The dissent finds this evidence “far less reassuring than promised.” Post, at 28. But its doubts rest on two flawed premises. First, the dissent believes that those state statutes “requiring the defendant to give early notice of his intent to confront the analyst,” are “burden-shifting statutes [that] may be invalidated by the Court’s reasoning.” Post, at 22, 28–29. That is not so. In their simplest form, notice-and-demand statutes require the prosecution to provide notice to the defendant of its intent to use an analyst’s report as evidence at trial, after which the defendant is given a period of time in which he may object to the admission of the evidence absent the analyst’s appearance live at trial. See, e.g, Ga. Code Ann. §35–3–154.1 (2006); Tex. Code Crim. Proc. Ann., Art. 38.41, §4 (Vernon 2005); Ohio Rev. Code Ann. §2925.51(C) (West 2006). Contrary to the dissent’s perception, these statutes shift no burden whatever. The defendant always has the burden of raising his Confrontation Clause objection; notice-and-demand statutes simply govern the time within which he must do so. States are free to adopt procedural rules governing objections. See Wainwright v. Sykes, 433 U. S. 72, 86–87 (1977) . It is common to require a defendant to exercise his rights under the Compulsory Process Clause in advance of trial, announcing his intent to present certain witnesses. See Fed. Rules Crim. Proc. 12.1(a), (e), 16(b)(1)(C); Comment: Alibi Notice Rules: The Preclusion Sanction as Procedural Default, 51 U. Chi. L. Rev. 254, 254–255, 281–285 (1984) (discussing and cataloguing State notice-of-alibi rules); Taylor v. Illinois, 484 U. S. 400, 411 (1988) ; Williams v. Florida, 399 U. S. 78, 81–82 (1970) . There is no conceivable reason why he cannot similarly be compelled to exercise his Confrontation Clause rights before trial. See Hinojos-Mendoza v. People, 169 P. 3d 662, 670 (Colo. 2007) (discussing and approving Colorado’s notice-and-demand provision). Today’s decision will not disrupt criminal prosecutions in the many large States whose practice is already in accord with the Confrontation Clause.12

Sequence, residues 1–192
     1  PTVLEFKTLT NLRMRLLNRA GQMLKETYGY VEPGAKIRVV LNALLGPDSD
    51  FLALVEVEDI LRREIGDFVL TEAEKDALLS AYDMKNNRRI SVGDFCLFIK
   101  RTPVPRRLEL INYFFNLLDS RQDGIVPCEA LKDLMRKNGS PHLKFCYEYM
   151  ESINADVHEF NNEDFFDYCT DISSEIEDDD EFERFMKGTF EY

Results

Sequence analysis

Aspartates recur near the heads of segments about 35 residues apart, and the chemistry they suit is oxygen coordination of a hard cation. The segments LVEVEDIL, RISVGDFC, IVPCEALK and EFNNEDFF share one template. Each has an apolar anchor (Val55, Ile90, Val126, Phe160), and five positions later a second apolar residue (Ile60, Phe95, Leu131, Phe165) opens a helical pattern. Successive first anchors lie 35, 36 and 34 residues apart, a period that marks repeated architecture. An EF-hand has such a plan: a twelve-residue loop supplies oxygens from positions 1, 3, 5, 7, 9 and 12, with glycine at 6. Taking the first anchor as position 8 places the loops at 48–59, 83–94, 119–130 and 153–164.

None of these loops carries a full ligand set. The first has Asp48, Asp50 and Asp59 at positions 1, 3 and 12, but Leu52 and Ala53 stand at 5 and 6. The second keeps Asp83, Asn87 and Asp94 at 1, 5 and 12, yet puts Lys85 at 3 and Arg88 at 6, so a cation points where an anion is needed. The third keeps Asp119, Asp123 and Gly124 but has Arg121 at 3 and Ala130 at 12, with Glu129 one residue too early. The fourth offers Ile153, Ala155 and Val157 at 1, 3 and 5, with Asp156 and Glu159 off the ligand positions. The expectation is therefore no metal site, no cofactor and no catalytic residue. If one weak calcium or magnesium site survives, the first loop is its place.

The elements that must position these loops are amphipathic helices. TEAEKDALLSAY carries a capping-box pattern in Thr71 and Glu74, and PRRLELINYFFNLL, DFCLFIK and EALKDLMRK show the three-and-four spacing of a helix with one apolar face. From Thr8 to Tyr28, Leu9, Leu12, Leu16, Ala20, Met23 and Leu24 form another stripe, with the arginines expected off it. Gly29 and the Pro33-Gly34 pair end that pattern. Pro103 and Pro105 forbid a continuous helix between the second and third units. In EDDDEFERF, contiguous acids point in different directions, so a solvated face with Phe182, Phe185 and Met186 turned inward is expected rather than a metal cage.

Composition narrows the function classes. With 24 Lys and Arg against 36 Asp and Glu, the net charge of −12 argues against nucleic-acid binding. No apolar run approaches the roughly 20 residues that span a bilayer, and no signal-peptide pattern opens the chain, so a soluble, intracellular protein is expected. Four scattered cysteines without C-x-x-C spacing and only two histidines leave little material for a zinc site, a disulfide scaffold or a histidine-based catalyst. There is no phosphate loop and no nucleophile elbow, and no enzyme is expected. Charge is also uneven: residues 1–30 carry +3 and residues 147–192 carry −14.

Second, the dissent notes that several of the state-court cases that have already adopted this rule did so pursuant to our decision in Crawford, and not “independently … as a matter of state law.” Post, at 28. That may be so. But in assessing the likely practical effects of today’s ruling, it is irrelevant why those courts adopted this rule; it matters only that they did so. It is true that many of these decisions are recent, but if the dissent’s dire predictions were accurate, and given the large number of drug prosecutions at the state level, one would have expected immediate and dramatic results. The absence of such evidence is telling.